Not only has the STi been allowed to tread water in public, over the past two decades Subaru has allowed the WRX to hunt on the STi’s land, so to speak. A $500 tune will make your WRX faster than any STi ever built for our market. There was about a five-year period where the WRX and STi had the same engine. To put it in terms that my fellow Ohio hicks can understand, the STi stopped being a “WRX Z06” and started being a “WRX 1LE.” And while Subaru has been shy about adding power, it hasn’t had the same concerns about curb weight. The sedan has been putting on mass in a manner that would shame Carnie Wilson, going from about 3200 pounds to about 3500. (If you don’t feel that’s fair to Ms. Wilson, feel free to put my name in there instead; I’ve gained seventeen pounds in the four months since the end of my SCCA season and I need to lose every single one of them to fit in my Radical come May.)

So yeah. I thought the STi been dead.

But now it’s dead for real. We all saw this coming, I think. The 101-octane, neckbearded, rally-blue crowd was always an embarrassment to a company that positioned its vehicles in advertising as necessary-evil adjuncts to a lifestyle primarily centered around dogs and leisure travel. One of your humble-but-hateful author’s greatest pleasures in life is to visit lift-service mountain-bike parks and watch the Outback/Crosstrek crowd writhing with the effort of getting their bicycles and gear off and out of their jacked-up economy cars while I simply pull my Guerilla Gravity Megatrail off the tailgate of my truck and lift my bag out of the spacious bed. There is absolutely nothing you can do with a $35,000-plus outdoorsy Subaru that you couldn’t do with a 2003 Honda Civic on new tires.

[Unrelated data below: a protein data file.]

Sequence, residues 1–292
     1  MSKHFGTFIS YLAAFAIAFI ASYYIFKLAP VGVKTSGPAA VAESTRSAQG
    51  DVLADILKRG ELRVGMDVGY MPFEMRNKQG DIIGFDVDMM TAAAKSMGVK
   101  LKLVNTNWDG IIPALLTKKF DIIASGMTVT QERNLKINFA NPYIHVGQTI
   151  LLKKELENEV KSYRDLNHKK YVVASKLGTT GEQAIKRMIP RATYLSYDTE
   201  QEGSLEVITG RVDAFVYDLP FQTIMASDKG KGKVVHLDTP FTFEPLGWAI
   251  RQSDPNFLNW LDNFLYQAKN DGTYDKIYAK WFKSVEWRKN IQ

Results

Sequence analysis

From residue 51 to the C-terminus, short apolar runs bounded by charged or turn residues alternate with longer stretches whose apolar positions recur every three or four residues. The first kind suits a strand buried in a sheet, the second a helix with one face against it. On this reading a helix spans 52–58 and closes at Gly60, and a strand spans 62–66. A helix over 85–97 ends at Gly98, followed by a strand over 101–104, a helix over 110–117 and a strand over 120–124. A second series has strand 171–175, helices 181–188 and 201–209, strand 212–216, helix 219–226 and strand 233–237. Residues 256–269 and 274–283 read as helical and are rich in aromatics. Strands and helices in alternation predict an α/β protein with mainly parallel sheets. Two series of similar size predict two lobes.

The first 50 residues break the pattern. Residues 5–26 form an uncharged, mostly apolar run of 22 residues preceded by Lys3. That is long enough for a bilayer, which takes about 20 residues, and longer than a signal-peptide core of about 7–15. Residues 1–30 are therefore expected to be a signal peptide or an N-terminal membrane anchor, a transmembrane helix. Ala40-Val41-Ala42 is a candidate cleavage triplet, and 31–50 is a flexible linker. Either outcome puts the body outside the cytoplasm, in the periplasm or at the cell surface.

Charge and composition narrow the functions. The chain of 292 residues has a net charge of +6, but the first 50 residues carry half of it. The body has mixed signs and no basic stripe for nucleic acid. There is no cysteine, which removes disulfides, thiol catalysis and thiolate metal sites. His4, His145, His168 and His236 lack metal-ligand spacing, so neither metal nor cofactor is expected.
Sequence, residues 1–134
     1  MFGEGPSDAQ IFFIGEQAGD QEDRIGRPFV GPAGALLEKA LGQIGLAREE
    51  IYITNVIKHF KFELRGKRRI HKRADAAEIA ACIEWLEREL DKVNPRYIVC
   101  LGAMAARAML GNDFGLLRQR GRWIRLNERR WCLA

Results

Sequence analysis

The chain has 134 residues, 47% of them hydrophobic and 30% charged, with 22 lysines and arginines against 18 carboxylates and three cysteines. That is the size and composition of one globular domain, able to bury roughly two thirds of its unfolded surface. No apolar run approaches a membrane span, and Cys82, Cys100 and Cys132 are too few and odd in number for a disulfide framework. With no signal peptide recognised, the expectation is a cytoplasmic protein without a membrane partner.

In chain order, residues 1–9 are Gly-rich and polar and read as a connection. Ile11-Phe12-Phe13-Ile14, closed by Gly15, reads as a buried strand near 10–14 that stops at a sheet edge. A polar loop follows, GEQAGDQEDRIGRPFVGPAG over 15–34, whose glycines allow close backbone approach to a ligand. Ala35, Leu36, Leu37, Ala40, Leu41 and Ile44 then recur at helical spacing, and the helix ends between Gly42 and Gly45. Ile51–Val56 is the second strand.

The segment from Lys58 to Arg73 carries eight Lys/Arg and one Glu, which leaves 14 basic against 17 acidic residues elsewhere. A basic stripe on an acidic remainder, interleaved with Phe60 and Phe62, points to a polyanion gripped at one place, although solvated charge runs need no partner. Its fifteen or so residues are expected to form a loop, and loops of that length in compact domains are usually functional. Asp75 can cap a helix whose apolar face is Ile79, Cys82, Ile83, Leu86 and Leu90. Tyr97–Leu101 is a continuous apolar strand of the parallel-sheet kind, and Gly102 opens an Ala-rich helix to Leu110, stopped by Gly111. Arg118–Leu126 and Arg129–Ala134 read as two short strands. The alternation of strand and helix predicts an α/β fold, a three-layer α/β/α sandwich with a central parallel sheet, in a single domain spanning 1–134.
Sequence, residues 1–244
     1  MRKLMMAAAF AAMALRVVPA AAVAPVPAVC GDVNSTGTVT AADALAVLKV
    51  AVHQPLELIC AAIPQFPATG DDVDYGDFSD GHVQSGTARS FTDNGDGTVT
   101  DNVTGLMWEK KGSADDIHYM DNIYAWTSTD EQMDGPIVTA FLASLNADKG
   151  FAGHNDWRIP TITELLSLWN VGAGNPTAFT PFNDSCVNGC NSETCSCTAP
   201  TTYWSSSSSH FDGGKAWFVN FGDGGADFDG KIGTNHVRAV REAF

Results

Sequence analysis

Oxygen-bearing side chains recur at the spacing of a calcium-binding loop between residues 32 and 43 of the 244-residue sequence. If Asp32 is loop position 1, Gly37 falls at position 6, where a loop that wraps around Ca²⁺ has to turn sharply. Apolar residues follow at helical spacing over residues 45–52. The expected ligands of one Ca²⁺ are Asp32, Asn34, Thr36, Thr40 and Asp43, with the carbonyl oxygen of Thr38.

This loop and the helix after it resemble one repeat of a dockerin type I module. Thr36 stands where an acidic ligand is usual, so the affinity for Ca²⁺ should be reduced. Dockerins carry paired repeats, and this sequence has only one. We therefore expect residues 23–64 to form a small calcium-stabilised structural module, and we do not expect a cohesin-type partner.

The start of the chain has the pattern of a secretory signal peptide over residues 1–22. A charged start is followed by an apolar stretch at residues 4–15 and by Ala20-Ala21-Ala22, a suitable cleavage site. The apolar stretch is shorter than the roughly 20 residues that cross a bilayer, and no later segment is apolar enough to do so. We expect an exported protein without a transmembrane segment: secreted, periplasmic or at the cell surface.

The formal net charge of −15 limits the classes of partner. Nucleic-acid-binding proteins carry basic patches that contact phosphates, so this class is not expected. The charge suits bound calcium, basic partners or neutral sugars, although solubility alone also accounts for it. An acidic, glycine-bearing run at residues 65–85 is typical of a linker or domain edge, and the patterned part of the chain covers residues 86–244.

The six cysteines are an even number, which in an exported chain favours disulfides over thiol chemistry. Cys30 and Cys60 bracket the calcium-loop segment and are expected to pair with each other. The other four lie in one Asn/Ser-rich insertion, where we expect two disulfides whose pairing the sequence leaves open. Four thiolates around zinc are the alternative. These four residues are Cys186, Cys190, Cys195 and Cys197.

Well, I guess you can always do a set of wheel bearings.

I rented an Outback a few years ago and found it to be pleasant but feckless. To our modern Eloi, who primarily display wealth through an increasingly insane and ersatz affectation of woodsy cosplay that makes Justin Timberlake’s Man Of The Woods look as sincere and authentic as A Love Supreme, the Outback’s willful lack of aggression is a feature, not a bug. Without checking, I’d be willing to bet serious money that the WRX and STi have owners with the lowest household income, least impressive education level, and most reactionary politics of any Subaru model. Subaru doesn’t really want to do business with these people any more.